Another Forgotten War: The Lack of a Western Response to the Ukrainian Conflict

Soldiers and military equipment on the move in Eastern Ukraine. Photo courtesy of the OSCE.

From accusations that the Kremlin ordered the hacks of the Democratic National Convention servers to condemnations of ruthless Russian airstrikes on rebel-held Aleppo, there is certainly no shortage of foreign affairs conversations revolving around Russia. However, there is one such conversation that Western media has neglected in recent years: the Ukrainian Civil War. Although Russia’s interference in Ukraine was a hot topic in 2014, especially in the aftermath of the annexation of Crimea, the issue has now faded from the West’s public consciousness despite the problem being far from resolved.

The conflict in Ukraine’s Donbass region began near the end of February 2014, shortly after the deposition of pro-Russian President Viktor Yanukovych during the Ukrainian revolution. Since the citizens of Eastern Ukraine largely supported Yanukovych’s close ties to Russia, many of them decried the newly instituted pro-Western provisional government and wanted to separate from Ukraine rather than submit to the new regime. Russia’s annexation of Crimea in mid-March of that year fueled civil unrest in the Donbass region, and with covert Russian military support, separatist rebels began an all-out war with the Ukrainian government. Throughout the remainder of the year, the entire affair was highly publicized: several Western leaders publicly denounced Russian interference in Ukraine, popular news outlets broadcasted daily coverage of the civil war, and many people even speculated that the events in Ukraine could trigger a second Cold War between Russia and the West. In 2014, one would have been hard-pressed to find Americans who were completely oblivious to the Ukrainian crisis.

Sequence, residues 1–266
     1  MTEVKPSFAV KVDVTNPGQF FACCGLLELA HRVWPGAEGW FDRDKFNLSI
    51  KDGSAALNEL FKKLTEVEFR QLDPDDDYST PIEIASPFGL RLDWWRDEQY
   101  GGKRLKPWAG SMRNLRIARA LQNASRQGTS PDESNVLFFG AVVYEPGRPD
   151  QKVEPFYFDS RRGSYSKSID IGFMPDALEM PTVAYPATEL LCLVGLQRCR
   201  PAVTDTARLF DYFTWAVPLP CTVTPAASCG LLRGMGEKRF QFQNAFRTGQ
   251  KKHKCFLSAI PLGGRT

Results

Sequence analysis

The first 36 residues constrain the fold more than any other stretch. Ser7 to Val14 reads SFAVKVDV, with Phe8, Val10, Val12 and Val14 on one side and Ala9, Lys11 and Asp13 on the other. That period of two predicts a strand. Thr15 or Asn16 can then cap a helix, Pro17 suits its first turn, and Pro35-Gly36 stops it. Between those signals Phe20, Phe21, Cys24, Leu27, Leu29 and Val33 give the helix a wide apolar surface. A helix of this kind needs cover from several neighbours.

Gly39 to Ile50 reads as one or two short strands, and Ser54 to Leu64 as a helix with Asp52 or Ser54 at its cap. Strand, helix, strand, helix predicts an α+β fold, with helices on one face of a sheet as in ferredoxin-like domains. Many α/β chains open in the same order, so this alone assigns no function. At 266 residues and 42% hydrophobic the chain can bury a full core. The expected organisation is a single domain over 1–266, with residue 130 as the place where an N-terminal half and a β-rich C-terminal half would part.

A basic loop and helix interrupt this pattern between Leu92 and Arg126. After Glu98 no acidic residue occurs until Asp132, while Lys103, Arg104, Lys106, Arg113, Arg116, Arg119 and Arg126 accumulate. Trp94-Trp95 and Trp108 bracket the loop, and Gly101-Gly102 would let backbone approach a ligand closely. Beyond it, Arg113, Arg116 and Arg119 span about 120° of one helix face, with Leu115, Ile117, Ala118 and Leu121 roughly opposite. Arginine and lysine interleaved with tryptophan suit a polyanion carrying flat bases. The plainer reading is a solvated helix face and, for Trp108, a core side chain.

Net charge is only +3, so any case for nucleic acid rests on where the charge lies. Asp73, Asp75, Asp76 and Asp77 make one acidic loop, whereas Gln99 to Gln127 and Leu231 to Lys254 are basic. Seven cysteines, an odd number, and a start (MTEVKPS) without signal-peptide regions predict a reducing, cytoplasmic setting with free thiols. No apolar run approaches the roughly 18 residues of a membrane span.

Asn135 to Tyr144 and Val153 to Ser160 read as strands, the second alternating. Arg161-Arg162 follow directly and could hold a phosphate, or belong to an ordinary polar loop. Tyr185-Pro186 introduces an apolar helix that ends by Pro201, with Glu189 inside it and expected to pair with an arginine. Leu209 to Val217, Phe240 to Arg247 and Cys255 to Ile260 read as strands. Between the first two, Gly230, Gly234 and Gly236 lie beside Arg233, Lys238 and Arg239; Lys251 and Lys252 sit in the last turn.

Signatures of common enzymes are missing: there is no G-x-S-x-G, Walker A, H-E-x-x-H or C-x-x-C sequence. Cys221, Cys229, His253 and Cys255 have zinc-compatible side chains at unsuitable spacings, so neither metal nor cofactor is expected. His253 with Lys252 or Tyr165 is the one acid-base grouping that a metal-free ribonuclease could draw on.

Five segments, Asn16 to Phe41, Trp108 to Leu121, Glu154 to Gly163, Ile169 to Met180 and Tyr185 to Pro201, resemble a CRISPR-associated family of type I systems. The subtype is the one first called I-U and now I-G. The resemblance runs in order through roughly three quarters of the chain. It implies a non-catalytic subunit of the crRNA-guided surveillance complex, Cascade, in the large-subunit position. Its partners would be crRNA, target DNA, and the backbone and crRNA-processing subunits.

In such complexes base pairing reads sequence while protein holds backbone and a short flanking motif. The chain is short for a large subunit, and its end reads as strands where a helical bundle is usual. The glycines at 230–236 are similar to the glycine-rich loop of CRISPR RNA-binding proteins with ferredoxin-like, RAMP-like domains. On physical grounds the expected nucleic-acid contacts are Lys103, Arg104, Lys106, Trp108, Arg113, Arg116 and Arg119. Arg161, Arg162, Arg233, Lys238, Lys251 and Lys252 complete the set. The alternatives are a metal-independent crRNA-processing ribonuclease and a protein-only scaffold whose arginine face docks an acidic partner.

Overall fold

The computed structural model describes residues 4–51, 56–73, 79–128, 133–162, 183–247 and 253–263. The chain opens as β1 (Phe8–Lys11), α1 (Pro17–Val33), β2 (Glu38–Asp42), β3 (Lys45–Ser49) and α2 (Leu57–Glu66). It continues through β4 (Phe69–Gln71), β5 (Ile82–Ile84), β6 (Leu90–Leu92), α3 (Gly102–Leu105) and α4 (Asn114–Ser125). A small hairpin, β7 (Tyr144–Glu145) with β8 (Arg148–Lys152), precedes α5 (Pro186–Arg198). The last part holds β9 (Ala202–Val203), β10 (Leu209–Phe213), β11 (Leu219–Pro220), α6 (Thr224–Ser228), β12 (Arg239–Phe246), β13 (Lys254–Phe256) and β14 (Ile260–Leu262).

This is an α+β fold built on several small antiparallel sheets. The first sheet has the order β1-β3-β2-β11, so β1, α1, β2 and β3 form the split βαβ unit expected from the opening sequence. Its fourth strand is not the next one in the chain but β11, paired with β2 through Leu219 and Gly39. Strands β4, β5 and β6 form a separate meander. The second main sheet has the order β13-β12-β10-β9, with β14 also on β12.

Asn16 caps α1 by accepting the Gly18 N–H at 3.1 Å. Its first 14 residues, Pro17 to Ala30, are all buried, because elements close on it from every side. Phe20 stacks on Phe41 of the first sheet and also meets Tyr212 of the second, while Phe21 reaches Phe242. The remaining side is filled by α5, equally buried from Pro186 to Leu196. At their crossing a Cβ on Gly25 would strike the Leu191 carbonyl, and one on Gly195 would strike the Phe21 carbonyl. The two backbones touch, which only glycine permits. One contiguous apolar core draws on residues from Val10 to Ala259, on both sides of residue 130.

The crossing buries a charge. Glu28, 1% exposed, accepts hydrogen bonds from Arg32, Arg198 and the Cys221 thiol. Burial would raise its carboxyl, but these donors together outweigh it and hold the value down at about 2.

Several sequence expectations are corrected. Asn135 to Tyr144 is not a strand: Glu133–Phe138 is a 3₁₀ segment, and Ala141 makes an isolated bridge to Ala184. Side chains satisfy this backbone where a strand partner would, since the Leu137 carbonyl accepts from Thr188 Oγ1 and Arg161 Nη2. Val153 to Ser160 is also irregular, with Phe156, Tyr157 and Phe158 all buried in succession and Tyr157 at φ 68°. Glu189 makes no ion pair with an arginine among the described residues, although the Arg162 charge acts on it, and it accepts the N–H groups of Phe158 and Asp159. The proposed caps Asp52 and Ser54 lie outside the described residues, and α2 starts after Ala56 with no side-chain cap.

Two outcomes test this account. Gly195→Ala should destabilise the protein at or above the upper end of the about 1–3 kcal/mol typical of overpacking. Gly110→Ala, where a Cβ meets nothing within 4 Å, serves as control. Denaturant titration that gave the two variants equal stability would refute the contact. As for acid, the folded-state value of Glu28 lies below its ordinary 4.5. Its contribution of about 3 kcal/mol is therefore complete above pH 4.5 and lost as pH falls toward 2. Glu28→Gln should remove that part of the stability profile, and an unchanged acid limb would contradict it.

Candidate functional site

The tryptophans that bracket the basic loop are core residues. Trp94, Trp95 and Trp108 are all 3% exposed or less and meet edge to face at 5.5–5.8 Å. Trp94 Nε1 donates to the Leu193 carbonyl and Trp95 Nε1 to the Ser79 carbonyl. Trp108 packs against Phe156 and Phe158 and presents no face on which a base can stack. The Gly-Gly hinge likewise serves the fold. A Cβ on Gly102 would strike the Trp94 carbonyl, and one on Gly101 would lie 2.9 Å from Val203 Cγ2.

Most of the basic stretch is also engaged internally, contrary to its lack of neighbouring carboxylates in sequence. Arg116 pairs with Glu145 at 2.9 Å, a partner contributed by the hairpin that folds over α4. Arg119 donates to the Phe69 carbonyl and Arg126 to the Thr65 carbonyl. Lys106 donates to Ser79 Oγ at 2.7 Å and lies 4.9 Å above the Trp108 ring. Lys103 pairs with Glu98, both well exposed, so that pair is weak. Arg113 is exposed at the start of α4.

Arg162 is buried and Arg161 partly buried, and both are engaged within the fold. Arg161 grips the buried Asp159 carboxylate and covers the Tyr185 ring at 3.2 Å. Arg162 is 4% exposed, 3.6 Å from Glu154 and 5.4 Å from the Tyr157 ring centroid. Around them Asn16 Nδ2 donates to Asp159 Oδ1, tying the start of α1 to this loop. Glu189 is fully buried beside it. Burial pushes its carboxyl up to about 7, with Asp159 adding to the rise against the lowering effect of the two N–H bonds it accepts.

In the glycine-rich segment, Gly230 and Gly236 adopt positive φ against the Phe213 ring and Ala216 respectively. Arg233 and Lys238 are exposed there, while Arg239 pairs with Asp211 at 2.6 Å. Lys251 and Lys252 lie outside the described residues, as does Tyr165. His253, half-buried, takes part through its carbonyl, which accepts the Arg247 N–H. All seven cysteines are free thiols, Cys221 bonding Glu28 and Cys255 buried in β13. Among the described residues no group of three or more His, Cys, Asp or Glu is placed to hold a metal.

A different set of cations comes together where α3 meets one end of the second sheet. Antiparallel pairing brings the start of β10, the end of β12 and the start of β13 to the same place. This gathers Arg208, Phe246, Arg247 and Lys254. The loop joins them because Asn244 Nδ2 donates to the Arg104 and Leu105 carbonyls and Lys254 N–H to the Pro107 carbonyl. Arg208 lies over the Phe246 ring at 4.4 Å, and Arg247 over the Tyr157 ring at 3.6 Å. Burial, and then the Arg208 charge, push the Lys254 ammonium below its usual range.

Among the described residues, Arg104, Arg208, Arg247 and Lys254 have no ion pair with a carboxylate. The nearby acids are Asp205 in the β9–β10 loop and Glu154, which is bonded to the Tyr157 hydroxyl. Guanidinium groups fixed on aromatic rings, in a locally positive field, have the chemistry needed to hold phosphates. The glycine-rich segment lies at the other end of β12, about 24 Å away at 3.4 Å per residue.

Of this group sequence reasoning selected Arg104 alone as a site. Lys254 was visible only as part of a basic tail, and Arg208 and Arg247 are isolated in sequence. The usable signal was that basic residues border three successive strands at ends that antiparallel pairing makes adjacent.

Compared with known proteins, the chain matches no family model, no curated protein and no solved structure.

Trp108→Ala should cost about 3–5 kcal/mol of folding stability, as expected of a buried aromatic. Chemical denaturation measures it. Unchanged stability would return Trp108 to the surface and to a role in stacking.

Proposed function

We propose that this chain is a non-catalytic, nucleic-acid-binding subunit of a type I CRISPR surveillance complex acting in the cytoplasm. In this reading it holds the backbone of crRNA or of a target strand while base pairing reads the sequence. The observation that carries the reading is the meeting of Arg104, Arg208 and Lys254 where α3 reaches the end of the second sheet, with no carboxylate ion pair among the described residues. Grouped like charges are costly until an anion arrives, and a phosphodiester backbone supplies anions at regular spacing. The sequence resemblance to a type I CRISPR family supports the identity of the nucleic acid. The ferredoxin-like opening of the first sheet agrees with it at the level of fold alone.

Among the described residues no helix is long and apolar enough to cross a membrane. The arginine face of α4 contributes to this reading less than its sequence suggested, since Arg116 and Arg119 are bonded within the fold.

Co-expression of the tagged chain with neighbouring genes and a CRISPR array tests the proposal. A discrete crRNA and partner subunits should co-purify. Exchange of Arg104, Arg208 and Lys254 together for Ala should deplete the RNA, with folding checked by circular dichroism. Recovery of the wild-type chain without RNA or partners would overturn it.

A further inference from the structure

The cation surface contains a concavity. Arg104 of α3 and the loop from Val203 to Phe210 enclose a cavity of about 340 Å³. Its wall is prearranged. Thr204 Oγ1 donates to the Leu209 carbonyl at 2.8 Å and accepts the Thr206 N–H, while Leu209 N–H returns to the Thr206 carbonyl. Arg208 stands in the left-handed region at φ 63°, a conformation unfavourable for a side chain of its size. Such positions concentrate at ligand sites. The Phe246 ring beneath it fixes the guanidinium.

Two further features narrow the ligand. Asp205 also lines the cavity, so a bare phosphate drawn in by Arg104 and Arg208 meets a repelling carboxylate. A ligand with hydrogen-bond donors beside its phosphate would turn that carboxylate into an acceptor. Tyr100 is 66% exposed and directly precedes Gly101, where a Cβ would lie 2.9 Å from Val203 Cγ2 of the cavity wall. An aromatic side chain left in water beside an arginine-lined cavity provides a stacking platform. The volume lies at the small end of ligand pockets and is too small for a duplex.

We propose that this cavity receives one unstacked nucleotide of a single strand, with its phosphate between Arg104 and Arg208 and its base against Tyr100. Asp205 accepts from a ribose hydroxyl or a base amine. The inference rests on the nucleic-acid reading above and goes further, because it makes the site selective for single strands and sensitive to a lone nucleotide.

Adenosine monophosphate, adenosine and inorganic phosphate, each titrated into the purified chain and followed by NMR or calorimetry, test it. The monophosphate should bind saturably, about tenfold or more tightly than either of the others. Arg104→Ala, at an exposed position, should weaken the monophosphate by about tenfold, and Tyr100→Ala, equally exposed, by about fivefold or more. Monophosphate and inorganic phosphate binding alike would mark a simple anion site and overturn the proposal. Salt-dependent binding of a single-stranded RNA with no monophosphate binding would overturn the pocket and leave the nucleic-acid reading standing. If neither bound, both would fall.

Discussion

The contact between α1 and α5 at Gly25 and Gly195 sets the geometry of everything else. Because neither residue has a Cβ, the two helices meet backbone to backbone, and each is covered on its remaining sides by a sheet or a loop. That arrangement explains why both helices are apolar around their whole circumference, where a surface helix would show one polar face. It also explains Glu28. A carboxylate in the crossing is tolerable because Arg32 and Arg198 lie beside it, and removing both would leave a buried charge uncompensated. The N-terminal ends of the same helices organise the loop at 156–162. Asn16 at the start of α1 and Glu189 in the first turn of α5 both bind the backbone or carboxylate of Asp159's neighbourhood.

Today, however, the state of affairs in eastern Ukraine garners little media coverage, and many are unaware of the situation in the region. Regrettably, this lack of awareness is not because peace has been restored to the area—on the contrary, tensions are still running high between the separatists and the Ukrainian army. Although casualties decreased following a February 2015 ceasefire, skirmishes continue to occur throughout the Donbass region, and according to Ukrainian news agencies like Ukraine Today, the ceasefire is still regularly violated. On October 13, 2016, in an article for the German newspaper Frankfurter Allgemeine Zeitung, Ukrainian President Petro Poroshenko claimed that the Donbass region had been shelled over 500 times in early October alone, and that separatists possessed military equipment allegedly provided by Russia, including over 700 tanks and 300 rocket launchers.